Socrates lived close to his father's relatives and inherited, as was customary, part of his father's estate, securing a life reasonably free of financial concerns.


Socrates learned the basic skills of reading and writing and, like most wealthy Athenians, received extra lessons in various other fields such as gymnastics, poetry and music.


Socrates was married twice : his marriage to Xanthippe took place when Socrates was in his fifties, and another marriage was with a daughter of Aristides, an Athenian statesman.


Socrates fulfilled his military service during the Peloponnesian War and distinguished himself in three campaigns, according to Plato.


Again Socrates was the sole abstainer, choosing to risk the tyrants' wrath and retribution rather than to participate in what he considered to be a crime.


Socrates attracted great interest from the Athenian public and especially the Athenian youth.


Socrates was notoriously ugly, having a flat turned-up nose, bulging eyes and a large belly; his friends joked about his appearance.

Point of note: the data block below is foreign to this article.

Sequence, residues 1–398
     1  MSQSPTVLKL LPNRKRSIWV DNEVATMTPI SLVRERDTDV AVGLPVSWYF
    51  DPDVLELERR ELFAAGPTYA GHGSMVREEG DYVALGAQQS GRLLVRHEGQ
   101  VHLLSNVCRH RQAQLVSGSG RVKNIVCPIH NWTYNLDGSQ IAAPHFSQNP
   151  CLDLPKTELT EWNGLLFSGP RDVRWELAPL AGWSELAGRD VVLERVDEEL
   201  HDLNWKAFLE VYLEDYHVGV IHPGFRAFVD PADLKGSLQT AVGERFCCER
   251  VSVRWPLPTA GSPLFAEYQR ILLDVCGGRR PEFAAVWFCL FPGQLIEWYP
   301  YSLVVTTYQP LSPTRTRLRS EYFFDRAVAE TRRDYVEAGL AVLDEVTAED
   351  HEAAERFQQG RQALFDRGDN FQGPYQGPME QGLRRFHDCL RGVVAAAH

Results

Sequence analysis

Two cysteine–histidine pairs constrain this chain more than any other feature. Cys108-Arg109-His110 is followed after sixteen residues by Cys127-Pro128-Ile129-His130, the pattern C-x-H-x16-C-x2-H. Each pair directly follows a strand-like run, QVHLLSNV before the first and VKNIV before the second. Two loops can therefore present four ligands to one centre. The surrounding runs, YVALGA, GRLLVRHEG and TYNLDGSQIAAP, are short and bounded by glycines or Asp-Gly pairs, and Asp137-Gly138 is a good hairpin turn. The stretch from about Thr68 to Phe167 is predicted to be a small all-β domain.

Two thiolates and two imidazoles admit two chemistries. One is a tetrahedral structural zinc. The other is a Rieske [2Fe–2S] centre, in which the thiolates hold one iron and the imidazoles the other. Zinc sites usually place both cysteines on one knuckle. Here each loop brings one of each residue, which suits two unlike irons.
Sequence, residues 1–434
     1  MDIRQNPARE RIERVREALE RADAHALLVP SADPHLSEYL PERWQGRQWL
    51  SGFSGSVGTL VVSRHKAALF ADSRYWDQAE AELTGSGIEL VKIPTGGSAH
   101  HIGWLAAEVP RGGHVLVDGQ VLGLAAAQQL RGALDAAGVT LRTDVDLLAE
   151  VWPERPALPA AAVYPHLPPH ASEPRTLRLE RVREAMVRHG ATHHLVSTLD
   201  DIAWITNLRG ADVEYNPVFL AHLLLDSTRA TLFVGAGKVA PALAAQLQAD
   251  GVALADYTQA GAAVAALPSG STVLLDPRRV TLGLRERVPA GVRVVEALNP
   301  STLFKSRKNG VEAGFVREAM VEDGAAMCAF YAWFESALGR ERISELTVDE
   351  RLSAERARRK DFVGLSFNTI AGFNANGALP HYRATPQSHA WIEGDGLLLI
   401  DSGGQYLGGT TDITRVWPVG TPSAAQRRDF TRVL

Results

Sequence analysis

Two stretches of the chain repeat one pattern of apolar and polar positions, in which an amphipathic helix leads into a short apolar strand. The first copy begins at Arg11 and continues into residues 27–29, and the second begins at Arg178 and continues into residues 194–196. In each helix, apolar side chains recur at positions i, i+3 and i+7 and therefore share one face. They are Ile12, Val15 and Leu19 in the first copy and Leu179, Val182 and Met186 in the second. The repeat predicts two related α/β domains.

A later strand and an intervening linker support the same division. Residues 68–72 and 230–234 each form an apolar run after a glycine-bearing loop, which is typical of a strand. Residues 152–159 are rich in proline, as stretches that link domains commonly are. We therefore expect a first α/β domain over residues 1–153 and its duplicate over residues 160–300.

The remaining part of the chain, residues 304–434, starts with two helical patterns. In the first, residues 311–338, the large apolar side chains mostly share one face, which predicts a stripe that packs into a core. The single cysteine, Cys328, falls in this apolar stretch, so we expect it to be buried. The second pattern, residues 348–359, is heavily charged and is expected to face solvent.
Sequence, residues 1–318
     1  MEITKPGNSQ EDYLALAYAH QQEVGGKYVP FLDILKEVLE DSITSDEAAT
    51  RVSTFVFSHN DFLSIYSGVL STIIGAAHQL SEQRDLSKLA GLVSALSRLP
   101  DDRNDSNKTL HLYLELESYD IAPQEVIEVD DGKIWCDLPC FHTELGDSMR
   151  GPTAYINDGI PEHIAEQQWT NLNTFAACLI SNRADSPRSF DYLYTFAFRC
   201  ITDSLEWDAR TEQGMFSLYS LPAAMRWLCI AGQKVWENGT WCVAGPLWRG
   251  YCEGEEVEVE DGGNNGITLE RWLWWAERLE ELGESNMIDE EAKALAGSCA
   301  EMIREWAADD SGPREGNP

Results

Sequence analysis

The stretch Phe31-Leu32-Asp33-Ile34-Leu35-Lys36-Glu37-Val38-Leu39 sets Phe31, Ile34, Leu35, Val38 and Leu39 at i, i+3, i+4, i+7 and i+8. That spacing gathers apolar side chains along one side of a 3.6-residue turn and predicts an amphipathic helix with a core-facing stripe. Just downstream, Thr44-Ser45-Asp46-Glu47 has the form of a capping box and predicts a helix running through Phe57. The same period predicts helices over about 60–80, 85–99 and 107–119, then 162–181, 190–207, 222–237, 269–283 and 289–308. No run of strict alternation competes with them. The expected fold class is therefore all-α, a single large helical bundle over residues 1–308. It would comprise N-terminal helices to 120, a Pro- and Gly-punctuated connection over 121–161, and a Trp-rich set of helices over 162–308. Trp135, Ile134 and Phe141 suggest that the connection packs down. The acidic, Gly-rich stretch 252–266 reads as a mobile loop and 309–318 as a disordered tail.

Socrates was indifferent to material pleasures, including his own appearance and personal comfort.


Socrates neglected personal hygiene, bathed rarely, walked barefoot, and owned only one ragged coat.


Socrates died in Athens in 399 BC after a trial for impiety and the corruption of the young that lasted for only a day.


Socrates spent his last day in prison among friends and followers who offered him a route to escape, which he refused.


Socrates died the next morning, in accordance with his sentence, after drinking poison hemlock.


Socrates had never left Athens, except during the military campaigns which he had participated in.


In 399 BC, Socrates went on trial for corrupting the minds of the youth of Athens, and for impiety.


Socrates was found guilty by a majority vote cast by a jury of hundreds of male Athenian citizens and, according to the custom, proposed his own penalty: that he should be given free food and housing by the state, for the services he rendered to the city.


The accusations against Socrates were initiated by a poet, Meletus, who asked for the death penalty in accordance with the charge of asebeia.


Plato's Apology starts with Socrates answering the various rumours against him that have given rise to the indictment.


Meletus responds by repeating the accusation that Socrates is an atheist.


Socrates was given the chance to offer alternative punishments for himself after being found guilty.